I also attracted a fine caddis fly:

Caddis 170601

but I don’t think I am going to get it determined to species.

Storab

May 29, 2017

Legend has it that Storab, son of a Viking king, was shipwrecked and sought refuge on Raasay – or was part of a raiding party. The islanders chased him to what is now Loch Storab where he swam to the island in the middle. The islanders, who couldn’t swim, drained the loch and chased him down what is now the Storab Burn, killing him at the place now called Storab’s Grave where there is a large cairn.

When Harrison Birtwistle lived on Raasay the last piece he completed was called Duets for Storab, a piece for two flutes, based on this tale.

I have a couple of issues with this story – there is no island in Loch Storab and Storab’s Grave is on the right bank of the Allt a Bhràghad, which flows into Storab’s Burn after meandering downhill for about 1 km.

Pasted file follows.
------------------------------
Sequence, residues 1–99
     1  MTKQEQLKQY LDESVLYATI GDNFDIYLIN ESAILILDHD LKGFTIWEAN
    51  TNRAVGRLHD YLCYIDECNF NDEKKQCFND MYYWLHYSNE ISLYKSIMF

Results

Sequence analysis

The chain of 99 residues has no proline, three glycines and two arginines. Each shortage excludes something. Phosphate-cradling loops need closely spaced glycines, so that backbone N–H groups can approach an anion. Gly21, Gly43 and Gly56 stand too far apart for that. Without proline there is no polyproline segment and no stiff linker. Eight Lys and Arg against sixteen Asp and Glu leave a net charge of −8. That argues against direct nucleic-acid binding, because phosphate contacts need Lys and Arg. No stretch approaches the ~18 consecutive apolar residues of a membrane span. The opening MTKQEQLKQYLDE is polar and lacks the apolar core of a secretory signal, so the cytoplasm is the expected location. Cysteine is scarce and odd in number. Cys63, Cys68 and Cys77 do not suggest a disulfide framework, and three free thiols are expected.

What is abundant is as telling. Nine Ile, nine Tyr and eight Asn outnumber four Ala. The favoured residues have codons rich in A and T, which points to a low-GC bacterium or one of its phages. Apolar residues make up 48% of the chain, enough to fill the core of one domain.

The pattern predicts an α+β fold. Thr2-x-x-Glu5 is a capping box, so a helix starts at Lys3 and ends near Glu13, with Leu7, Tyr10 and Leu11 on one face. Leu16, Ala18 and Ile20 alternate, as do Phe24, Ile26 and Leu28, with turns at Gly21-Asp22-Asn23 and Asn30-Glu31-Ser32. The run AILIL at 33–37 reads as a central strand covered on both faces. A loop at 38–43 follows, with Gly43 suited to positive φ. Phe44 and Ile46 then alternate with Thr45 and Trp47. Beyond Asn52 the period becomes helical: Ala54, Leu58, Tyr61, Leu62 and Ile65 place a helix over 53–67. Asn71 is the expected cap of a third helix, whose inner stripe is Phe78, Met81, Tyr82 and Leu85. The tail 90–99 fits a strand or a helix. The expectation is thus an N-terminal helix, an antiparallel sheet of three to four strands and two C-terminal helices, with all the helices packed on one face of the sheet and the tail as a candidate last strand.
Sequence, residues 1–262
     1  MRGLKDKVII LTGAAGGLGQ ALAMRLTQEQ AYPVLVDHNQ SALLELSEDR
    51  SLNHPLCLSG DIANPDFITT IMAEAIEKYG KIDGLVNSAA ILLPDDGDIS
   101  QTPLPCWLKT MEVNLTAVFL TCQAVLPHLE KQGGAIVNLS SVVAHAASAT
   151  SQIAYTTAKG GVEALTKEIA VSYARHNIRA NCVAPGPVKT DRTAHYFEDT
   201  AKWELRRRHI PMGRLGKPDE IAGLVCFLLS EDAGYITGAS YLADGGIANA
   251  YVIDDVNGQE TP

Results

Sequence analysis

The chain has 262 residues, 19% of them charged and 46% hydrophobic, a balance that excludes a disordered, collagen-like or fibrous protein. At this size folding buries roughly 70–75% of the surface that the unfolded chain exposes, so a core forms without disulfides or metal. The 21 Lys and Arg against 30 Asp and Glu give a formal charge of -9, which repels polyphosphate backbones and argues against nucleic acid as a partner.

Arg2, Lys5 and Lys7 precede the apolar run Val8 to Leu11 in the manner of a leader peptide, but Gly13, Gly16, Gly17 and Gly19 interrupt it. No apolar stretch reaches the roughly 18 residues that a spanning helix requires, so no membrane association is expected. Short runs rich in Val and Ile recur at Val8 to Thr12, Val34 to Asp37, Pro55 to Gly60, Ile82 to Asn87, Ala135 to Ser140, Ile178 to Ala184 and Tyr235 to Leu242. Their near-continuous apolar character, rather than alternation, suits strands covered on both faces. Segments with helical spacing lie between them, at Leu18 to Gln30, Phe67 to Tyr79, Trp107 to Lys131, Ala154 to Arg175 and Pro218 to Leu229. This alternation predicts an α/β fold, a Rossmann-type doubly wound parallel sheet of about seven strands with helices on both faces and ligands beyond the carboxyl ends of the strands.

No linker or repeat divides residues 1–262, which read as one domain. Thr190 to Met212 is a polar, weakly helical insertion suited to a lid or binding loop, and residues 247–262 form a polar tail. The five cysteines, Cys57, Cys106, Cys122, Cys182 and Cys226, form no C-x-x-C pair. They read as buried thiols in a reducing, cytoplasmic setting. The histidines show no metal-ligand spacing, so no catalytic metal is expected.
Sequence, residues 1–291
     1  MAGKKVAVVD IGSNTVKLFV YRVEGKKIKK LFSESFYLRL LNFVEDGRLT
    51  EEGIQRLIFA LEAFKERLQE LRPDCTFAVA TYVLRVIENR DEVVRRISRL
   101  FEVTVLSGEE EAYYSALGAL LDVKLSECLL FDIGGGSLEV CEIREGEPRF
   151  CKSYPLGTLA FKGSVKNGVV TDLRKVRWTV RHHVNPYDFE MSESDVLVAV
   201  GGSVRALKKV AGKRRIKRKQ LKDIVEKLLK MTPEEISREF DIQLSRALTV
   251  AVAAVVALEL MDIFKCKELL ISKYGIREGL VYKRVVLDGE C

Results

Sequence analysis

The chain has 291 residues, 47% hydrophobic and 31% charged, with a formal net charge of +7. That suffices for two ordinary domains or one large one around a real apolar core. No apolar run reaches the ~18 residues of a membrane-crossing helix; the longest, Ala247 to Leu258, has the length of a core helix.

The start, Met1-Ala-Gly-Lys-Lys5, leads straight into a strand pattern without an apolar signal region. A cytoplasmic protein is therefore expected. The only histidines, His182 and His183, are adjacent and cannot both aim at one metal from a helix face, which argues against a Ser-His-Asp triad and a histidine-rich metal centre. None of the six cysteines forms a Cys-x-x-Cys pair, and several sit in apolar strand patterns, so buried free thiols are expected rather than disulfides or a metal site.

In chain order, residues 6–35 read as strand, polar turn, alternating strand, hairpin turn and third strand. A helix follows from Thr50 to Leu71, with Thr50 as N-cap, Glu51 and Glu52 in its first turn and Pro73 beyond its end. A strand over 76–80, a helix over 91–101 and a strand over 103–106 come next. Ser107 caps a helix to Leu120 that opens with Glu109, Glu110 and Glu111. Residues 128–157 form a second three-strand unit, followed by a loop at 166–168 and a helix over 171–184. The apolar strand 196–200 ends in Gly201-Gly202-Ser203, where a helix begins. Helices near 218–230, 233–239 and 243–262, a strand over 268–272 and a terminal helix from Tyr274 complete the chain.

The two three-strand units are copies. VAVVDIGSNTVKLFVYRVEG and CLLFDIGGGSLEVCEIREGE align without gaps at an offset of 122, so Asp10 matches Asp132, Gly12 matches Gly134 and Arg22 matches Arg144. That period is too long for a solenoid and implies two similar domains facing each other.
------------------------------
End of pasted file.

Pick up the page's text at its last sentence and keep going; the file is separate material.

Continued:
Alternatively, Big Storab, son of the King of Denmark, visited a house which stood close by what is now Storab’s Grave when he and the occupants had a dispute. On his departure he was followed and stabbed with a dirk, and buried where he fell.

But hey, Loch Storab is home to the Nationally Scarce Deschampsia setacea (Bog Hair-grass) and whilst it is not yet flowering, it was easy to spot today if you know where to look:

Deschampsia setacea

Deschampsia setacea

Not the prettiest picture I have ever put on the blog, so here are a couple of things that are in flower:

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and a couple that were not: